Walking the stage at graduation may not be as much fun as, say, running naked beating a drum at Burning Man, but it has its merits.
But all too quickly, reality sets in. You know, like the next morning at Burning Man. But this time, it’s more than just photos posted online. It’s job search time, baby.
I have a suggestion. A most unusual suggestion. In fact, my suggestion runs deeper than just job search advice for December graduates. It refers to life in general. And, it is respectfully submitted for a wider community than just December college graduates. This one is for all of us. So, here goes…
In all of your doing, practice “non-doing”. Do what, you say?
More than a play on words, non-doing is a Zen tradition that I think needs wider practice in the world right now. It means simplifying your life by purposely including some inactivity. Quiet time. Down time. Time for reflection. Contemplative time. Time devoted to nothing more than thinking.
We need it. For example, observe students when they leave class. The first thing they do is grab the cell phone. Heck, it’s been over an hour since they were able to talk or text. That’s like an eternity. There’s no telling what might have happened to friends. Next, it’s fire up the iPod. Gotta have that stimulation. Repeat cycle until next class. And so it goes.
Business people are worse. Renowned Blogger Buddy Steve Crescenzo posted a piece on being “Bluetoothed” when he tried to engage a fellow in conversation. We all need to put down the appliances at times and just be.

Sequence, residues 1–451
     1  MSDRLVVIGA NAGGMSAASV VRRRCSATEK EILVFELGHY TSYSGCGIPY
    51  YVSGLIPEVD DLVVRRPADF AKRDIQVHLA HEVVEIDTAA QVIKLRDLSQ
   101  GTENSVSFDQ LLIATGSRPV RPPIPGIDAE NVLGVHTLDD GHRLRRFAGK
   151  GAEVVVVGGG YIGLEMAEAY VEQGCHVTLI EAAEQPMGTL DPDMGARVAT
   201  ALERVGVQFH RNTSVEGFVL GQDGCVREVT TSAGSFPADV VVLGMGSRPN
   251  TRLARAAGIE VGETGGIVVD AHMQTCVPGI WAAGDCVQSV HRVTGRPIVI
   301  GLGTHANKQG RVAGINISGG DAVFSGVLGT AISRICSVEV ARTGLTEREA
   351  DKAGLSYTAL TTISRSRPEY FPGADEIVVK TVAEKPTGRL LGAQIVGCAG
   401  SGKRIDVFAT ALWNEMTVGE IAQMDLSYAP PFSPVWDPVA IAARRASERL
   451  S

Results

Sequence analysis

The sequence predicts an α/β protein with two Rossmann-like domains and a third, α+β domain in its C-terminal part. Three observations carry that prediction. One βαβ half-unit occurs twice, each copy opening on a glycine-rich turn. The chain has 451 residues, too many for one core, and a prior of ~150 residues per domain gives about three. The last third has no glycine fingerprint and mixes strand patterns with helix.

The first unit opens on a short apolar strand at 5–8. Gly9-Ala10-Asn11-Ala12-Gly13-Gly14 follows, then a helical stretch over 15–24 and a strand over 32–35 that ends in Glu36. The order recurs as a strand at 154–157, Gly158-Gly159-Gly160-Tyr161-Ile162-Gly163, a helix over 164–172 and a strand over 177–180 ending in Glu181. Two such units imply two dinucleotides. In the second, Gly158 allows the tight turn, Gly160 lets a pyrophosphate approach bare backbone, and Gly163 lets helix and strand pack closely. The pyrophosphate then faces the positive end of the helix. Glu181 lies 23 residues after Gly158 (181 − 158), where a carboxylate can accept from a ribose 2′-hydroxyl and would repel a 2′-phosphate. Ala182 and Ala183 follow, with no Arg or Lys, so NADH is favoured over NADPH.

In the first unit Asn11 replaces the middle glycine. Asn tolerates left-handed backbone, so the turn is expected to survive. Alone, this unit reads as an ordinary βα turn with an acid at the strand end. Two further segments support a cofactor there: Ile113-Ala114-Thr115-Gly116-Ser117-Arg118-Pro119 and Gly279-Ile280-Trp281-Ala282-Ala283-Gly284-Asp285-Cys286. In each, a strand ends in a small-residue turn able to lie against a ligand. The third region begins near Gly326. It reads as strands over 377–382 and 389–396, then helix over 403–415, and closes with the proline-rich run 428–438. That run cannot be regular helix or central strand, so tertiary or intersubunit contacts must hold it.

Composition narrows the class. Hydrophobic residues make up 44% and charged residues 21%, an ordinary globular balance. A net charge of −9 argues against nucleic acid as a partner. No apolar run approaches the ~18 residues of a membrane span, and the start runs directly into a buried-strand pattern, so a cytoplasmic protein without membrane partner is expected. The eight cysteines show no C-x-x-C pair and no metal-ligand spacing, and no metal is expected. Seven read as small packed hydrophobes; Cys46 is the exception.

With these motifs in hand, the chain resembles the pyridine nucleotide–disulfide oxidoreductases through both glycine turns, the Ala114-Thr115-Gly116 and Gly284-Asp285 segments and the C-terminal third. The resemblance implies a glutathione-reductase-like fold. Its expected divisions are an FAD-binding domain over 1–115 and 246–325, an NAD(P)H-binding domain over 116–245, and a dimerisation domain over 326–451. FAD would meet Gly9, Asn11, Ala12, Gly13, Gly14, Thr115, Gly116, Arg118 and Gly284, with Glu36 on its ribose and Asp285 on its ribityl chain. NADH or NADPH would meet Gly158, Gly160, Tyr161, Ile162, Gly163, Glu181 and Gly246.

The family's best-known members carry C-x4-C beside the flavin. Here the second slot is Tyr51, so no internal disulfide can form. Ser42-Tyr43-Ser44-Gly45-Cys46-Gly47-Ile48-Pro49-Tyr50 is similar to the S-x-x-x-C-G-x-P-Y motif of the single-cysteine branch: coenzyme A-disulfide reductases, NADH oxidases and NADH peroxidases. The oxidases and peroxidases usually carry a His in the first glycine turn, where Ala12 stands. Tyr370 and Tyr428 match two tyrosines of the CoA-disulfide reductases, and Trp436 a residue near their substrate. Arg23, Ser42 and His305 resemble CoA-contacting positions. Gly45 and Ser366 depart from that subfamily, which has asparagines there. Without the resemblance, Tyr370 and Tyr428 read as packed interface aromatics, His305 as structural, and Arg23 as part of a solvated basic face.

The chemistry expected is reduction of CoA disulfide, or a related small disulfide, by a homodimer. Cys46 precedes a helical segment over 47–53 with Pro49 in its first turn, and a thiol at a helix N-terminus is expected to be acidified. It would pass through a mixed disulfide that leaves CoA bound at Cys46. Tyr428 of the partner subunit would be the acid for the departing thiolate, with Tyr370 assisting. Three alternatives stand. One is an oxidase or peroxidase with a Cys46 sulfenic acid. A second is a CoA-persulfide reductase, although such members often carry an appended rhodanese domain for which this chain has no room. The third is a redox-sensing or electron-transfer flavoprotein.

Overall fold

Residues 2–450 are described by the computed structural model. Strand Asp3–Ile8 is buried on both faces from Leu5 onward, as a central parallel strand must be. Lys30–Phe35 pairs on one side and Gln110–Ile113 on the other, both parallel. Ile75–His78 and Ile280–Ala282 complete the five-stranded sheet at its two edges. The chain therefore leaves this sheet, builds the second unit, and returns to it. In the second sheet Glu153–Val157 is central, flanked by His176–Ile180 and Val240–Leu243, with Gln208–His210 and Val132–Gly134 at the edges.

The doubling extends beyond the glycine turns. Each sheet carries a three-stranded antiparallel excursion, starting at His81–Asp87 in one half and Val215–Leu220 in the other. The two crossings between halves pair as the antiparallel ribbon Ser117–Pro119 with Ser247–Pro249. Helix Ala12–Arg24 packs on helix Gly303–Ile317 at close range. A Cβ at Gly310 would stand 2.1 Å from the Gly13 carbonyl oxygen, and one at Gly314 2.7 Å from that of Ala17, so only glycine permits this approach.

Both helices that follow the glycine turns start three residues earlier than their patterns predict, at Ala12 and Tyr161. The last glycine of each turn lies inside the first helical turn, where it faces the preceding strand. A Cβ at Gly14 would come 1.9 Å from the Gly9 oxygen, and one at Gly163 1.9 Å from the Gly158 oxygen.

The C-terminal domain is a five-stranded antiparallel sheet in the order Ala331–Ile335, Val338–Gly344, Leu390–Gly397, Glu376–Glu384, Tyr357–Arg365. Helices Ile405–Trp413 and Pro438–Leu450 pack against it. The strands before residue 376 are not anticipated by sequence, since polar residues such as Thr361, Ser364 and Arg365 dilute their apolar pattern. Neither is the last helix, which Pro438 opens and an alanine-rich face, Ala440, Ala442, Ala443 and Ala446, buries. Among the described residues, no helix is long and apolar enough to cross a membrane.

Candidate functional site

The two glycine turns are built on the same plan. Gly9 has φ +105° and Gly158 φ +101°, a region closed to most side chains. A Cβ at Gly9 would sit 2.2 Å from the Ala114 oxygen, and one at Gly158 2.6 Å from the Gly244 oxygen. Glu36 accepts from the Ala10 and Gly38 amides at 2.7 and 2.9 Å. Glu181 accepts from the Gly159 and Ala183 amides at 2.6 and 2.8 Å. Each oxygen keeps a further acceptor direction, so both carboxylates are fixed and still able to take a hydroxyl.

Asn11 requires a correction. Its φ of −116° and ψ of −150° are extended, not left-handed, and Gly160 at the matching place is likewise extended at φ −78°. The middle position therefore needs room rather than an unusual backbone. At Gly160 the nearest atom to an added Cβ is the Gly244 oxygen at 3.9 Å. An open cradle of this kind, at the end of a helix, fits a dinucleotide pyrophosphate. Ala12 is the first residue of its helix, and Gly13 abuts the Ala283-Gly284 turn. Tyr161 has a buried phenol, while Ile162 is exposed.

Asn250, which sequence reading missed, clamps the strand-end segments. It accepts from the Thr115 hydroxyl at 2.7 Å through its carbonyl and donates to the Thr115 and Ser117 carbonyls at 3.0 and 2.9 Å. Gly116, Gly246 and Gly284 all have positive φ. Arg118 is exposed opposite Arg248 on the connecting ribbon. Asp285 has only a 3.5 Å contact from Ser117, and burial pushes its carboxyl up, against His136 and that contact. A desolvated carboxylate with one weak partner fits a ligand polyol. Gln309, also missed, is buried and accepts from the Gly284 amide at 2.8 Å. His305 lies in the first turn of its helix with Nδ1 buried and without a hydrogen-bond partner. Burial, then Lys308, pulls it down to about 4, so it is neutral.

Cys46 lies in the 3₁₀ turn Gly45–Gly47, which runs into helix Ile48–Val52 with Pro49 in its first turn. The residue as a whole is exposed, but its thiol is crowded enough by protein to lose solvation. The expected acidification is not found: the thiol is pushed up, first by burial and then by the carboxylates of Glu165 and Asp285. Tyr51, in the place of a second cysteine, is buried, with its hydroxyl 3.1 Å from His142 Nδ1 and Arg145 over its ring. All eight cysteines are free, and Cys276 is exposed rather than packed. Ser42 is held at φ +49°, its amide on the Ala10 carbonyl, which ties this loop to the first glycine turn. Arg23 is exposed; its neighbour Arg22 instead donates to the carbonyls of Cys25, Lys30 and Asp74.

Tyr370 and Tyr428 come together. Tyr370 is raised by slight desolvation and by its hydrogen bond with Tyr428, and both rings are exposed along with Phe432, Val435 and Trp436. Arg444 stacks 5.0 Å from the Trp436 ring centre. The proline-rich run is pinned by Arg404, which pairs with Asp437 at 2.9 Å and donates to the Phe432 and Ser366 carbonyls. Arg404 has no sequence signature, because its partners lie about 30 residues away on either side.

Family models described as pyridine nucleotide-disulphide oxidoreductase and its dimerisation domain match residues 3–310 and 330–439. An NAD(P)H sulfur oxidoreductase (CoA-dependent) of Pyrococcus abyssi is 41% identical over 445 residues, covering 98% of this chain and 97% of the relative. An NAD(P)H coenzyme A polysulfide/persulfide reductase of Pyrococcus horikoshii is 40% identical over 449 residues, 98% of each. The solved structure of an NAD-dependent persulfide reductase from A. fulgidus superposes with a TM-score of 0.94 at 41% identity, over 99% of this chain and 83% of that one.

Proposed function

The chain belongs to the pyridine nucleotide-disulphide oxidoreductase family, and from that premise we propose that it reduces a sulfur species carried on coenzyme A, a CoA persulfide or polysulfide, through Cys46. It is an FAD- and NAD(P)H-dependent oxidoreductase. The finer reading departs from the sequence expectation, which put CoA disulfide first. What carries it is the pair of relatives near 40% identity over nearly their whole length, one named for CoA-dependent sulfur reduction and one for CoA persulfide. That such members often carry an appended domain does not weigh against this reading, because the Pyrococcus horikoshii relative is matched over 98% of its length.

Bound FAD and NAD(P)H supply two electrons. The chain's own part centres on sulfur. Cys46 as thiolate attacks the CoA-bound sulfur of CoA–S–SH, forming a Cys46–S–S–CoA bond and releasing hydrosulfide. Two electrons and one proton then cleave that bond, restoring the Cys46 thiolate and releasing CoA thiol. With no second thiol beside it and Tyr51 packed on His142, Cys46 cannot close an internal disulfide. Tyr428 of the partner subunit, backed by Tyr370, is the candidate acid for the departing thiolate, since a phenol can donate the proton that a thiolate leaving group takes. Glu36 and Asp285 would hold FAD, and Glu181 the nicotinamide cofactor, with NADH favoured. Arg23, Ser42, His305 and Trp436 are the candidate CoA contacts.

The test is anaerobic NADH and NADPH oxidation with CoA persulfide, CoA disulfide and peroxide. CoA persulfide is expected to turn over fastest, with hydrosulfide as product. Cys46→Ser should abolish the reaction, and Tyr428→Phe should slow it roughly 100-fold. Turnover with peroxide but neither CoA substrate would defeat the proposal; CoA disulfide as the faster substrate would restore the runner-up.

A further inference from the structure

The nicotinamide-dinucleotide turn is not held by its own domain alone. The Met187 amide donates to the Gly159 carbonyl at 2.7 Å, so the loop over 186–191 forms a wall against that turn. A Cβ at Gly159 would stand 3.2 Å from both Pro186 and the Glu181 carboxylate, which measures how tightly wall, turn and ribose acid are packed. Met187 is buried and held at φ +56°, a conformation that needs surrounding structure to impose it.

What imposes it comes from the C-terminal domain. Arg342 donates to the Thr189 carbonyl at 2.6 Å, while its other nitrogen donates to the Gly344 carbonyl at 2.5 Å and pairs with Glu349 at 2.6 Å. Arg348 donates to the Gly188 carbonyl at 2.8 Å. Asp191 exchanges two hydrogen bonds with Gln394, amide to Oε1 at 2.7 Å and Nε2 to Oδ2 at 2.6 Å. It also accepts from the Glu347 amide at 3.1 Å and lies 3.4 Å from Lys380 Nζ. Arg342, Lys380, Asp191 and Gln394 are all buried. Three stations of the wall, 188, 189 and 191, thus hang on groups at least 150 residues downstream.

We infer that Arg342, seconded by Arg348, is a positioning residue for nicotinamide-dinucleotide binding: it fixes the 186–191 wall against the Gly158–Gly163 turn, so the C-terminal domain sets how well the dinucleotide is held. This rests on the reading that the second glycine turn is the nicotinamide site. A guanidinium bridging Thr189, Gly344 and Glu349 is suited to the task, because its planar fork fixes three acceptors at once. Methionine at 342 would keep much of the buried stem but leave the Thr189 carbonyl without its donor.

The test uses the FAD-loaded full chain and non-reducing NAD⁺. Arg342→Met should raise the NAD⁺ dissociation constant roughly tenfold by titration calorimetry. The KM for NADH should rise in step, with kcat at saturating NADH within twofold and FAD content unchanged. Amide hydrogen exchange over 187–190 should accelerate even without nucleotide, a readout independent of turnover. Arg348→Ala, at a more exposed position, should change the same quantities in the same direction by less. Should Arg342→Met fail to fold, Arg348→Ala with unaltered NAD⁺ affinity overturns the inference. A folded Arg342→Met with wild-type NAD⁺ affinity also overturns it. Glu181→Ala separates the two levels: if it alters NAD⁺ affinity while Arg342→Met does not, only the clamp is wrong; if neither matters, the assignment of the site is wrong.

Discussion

One of the most famous Haiku says this:
Sitting quietly, doing nothing,
Spring comes, and the grass
Grows by itself.
In other words, let go. Stop doing. Cease talking. Turn off all the appliances. Listen to your inner voice for a time.
One of my favorite authors, Marsha Sinetar, says, “In silence and solitude our individuality is affirmed.” You have to be still and know, as the Bible says. Taking time out for reflection and contemplation is the greatest way to recharge your batteries for the battles you must fight.
Lao Tzu added his wisdom by saying, “He who knows others is wise. He who knows himself is enlightened.” This requires inner work, accomplished in the quiet of contemplation and/or meditation.
Lao Tzu would have been cool with your texting friends, maybe even timely Bluetoothing. But he would have you balance it with time for your own inner work.
Marsha Sinetar says something else of great value: “The advancement to wholeness is the real occupation of human existence.” To be successful at this occupation, you must detach yourself from the world for a simplified and more contemplative life posture. You will be enlightened, enriched, enthused, and energized for your effort.